An oil spill off the southern California has caused massive damage to the delicate wetland environment in what local officials have described as a catastrophe and a “potential ecological disaster,” Reuters reports.
The spill was caused by a breach connected to the Elly oil rig, which leaked 126,000 gallons, or 3,000 barrels, of oil into the ocean. It rapidly covered 13 square miles of the Pacific Ocean and began its stretch from the Huntington Beach Pier down to Newport Beach.
Kim Carr, the mayor of Huntington Beach, was incensed by the news, noting that, “Our wetlands are being degraded and portions of our coastline are now covered in oil.” Countless fish have died, birds have been left covered in petroleum, and the beaches and areas of the ocean itself have had to be closed off in an effort to contain the spill. It’s likely those beaches will be closed for several weeks.
“In a year that has been filled with incredibly challenging issues, this oil spill constitutes one of the most devastating situations that our community has dealt with in decades,” Carr added. “We are doing everything in our power to protect the health and safety of our residents, our visitors and our natural habitats.”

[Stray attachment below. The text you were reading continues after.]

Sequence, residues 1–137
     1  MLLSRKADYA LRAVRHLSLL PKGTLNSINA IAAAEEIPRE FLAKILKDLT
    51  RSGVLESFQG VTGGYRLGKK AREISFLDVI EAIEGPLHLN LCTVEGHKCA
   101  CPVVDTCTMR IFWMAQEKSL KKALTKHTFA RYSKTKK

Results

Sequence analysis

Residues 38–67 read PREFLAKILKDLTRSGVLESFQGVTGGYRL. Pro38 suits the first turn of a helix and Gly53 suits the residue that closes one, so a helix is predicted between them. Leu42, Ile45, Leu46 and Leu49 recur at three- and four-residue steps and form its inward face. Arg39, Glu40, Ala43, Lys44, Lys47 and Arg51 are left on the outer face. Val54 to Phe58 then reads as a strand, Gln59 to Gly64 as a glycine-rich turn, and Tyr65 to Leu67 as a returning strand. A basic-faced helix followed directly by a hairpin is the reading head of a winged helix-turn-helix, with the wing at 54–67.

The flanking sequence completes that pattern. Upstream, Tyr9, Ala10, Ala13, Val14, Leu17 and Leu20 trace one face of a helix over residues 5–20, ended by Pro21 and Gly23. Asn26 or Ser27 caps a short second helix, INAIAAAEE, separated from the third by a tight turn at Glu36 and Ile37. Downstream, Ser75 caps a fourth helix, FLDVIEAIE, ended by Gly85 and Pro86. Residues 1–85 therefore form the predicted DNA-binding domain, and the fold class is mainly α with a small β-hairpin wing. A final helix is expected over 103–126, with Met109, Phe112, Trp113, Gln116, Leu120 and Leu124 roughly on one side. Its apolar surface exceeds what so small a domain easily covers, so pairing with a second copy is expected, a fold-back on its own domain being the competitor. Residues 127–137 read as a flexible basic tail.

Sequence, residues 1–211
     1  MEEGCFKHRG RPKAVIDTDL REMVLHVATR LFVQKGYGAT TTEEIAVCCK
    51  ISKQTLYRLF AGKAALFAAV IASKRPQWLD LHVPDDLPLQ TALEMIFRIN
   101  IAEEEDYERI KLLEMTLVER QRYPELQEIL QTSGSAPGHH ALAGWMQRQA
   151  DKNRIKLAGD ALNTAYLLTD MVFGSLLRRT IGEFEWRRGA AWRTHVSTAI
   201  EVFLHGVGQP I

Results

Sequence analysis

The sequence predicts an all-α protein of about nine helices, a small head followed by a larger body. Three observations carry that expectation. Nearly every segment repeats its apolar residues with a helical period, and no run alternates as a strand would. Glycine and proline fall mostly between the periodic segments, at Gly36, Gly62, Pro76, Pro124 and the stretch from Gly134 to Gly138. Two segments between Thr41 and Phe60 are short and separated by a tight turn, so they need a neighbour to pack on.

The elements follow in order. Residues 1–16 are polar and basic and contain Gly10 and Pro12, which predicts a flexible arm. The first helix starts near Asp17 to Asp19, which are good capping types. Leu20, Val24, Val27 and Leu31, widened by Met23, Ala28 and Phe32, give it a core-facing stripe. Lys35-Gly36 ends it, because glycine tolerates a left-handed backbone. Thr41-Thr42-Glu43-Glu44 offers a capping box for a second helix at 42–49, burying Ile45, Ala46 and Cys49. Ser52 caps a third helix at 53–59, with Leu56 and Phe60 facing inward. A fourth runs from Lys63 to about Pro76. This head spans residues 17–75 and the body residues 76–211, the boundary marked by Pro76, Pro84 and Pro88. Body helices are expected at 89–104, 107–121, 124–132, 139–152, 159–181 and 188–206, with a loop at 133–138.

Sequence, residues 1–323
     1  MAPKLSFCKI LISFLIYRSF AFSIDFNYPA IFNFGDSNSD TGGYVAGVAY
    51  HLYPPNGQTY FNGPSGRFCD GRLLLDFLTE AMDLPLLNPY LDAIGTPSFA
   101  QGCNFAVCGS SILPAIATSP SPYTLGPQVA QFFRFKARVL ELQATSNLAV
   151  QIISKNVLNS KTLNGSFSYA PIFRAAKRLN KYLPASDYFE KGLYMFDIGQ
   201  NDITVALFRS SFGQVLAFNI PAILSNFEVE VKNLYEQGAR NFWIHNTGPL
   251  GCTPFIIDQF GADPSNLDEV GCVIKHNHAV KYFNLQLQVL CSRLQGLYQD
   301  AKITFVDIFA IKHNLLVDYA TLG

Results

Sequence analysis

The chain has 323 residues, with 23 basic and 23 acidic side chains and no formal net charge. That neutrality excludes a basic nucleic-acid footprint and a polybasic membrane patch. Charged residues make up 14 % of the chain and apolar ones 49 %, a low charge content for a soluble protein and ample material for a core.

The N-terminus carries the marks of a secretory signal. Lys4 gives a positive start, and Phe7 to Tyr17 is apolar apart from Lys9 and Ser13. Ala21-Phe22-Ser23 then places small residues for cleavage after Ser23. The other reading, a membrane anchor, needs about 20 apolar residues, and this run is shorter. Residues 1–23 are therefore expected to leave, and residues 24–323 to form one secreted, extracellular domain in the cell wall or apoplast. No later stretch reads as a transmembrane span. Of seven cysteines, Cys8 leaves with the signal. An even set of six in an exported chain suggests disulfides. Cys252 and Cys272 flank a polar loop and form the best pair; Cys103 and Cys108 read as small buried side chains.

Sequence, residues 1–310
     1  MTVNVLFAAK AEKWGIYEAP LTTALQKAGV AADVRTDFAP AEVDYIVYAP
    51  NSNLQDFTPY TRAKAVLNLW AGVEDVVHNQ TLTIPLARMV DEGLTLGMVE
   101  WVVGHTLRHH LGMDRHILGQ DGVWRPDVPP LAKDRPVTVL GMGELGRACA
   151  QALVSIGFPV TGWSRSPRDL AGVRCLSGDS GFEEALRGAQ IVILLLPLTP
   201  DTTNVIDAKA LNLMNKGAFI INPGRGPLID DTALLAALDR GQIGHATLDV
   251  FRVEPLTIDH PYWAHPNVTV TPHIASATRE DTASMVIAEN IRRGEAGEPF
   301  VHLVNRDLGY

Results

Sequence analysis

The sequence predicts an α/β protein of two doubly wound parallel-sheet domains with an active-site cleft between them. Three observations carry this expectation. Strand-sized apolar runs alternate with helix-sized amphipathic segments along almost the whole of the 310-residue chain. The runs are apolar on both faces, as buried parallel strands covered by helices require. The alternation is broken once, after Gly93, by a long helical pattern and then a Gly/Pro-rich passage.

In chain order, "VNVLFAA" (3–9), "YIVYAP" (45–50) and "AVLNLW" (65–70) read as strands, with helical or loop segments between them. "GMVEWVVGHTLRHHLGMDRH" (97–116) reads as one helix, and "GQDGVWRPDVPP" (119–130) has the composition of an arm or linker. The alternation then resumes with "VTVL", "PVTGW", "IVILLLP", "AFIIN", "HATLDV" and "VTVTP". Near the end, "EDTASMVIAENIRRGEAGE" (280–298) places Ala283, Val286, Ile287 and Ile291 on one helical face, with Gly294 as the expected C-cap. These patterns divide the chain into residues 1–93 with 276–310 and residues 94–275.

The response time to the spill is currently being questioned, AP reports.The skimming equipment and 2,000 feet of protective booms used for the cleanup arrived too late to offer much assistance.
Elly has been operating since 1980 in an area known as the Beta Field. Oil from beneath the ocean is processed by Elly, then taken to Long Beach. Elly is used for separating oil, natural gas, and produced water. It also houses equipment to generate electrical power for the platforms.